About 8 years ago I lost faith in the buggy whip argument. I realized that, as the technology of AI advanced, a point would be reached in which intelligent software and general-purpose robots could perform all tasks (both mental and physical) that are currently achievable only by highly educated humans. Once one intelligent robot exists with a high level of general intelligence, it can be mass produced. There have been many advances in AI in recent years (in neural networks, planning and learning systems). Machine learning systems can now learn a number of complex cognitive tasks simply by observing the past performance of human experts.
I have always been an admirer of the combination of modern capitalism and (relatively) free markets as the major drivers of wealth. However, modern capitalism (with its corporations, stock and dividends) is less than a few centuries old. There is no reason to believe that it must last forever. Its "reign" over older economic systems may well end abruptly in the near future.
At one time I toyed with writing a book about my concerns regarding intelligent automation and its future effect on political and economic systems but Martin Ford has a done a 100-times better job that I could have ever done. His book is very persuasive in pointing out why the "buggy whip" argument will cease to remain persuasive.
I only have two complaints about Ford's book: (a) the title sounds a bit too much like a title for a pulp-fiction work and so I fear that not enough people will read it and (b) the first 75 pages consist of a standard summary of current economic facts and principles and so I fear that some readers may quit reading his book before they get to the really interesting parts, which in my opinion, start after page 75.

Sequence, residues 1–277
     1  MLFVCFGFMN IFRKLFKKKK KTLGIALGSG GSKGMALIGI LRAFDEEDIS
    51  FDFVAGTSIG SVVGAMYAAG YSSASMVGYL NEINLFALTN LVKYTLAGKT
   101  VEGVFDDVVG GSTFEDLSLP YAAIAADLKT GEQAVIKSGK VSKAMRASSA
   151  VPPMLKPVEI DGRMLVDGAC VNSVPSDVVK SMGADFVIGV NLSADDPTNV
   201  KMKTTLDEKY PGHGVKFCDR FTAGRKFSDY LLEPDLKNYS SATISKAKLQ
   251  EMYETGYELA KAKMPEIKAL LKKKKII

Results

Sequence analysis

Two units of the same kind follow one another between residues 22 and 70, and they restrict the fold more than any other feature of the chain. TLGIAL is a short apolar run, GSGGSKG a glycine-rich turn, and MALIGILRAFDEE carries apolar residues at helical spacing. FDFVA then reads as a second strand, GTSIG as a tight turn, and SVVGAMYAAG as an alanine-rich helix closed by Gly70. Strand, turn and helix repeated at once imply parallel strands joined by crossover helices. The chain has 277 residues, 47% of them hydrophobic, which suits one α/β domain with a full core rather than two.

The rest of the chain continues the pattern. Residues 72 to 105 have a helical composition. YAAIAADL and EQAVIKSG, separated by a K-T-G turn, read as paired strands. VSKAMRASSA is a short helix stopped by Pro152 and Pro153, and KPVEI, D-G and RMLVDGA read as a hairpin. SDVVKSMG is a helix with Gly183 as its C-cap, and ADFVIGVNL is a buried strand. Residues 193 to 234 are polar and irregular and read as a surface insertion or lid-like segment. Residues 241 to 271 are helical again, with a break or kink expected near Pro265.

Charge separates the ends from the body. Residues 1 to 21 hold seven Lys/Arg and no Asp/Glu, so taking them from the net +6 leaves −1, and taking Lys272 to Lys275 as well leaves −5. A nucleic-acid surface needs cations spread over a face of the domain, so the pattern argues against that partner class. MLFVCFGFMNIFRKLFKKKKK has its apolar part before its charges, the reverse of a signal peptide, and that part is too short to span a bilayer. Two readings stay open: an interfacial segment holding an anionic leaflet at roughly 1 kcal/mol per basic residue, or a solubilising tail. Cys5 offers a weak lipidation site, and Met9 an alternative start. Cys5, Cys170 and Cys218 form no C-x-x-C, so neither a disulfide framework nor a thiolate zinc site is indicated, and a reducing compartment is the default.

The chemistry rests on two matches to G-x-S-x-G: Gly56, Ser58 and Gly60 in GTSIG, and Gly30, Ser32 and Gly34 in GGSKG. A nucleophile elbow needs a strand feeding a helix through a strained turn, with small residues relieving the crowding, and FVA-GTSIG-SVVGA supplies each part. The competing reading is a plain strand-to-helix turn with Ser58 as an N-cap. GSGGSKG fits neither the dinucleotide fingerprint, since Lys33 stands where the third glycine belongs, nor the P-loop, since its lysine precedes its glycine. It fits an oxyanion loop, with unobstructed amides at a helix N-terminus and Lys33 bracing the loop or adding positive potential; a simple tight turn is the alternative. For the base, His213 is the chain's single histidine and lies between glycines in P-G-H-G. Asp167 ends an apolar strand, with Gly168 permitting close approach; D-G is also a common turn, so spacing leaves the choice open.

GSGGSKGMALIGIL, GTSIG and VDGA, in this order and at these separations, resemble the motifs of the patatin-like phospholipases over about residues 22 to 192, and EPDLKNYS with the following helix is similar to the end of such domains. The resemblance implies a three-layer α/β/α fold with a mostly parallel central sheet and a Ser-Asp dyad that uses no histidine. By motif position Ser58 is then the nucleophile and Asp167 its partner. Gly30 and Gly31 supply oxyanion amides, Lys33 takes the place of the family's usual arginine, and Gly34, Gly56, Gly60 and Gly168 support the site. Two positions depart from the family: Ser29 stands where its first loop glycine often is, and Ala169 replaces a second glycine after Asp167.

Humans seem to be sleepwalking into a future regarding which they are largely unprepared. Will we slide into a dystopian techno-neo-feudalism when the jobs largely evaporate across nearly all sectors, including the cognitive arena "knowledge worker" domains thought to be relatively bulletproof? We are all in this together -- much as our narcissistic one-tenth-of-one-percenters like to deny it. "Wealth" is a relative thing, much as they prefer to deny it.
My initial interest in this book (based on an NPR interview I heard) was that of his take on health care (my area -- Health IT), which I will be writing up forthwith. But, the larger problem is equally if not moreso compelling. How will we all "earn our keep" if reliable employment diminishes by half or more, regardless of our skills and initiative? Are we headed for "Elysium"?
Being of recent issue and up-to-date on the rapidly advancing technologies, the book is the best of the lot for what it covers: the economic fallout and possible solutions to near full automation and the loss of most jobs at all levels and surprisingly a large number of the jobs to go first are those jobs that are at middle level and are mostly dealing with repetitive data to which even at this early stage of automation, machines and sophisticated algorithms are far better suited than humans are.
I had only very few and very minor disagreements with the author as to fixes of the problems total unemployment will bring.
None of the books cared to go there because capitalism is a sacred cow and in the U.S. a book touting the need for a socialist distribution system to replace the worker's paycheck-driven system we are now using.
The ship that is capitalism is now taking on water, the holes that are the exponentially developing job-taking technologies in the keel are getting larger and the ship will go down slowly at first and then with a rush as Moore's Law has it's inevitable effect.
OTOH, what all of the books (".. Singularity.." ,Second Machine Age...Abundance, Life At The Speed Of light and "Rise.." stressed heavily right from the first chapter as most important in understanding the progress of technology is in understanding its exponential rather than linear progression.; that the speed of technological change is largely not understood by a very large percentage of the lay public.
Simply put, a great percentage of the public does believe that total automation will happen but not for about 100 years and decidedly not in the unbelievable to them but very real 20 year time frame dictated by Moore's Law .
The best part of this is that we don't have to wait so very long to see who is/was correct about the time frame.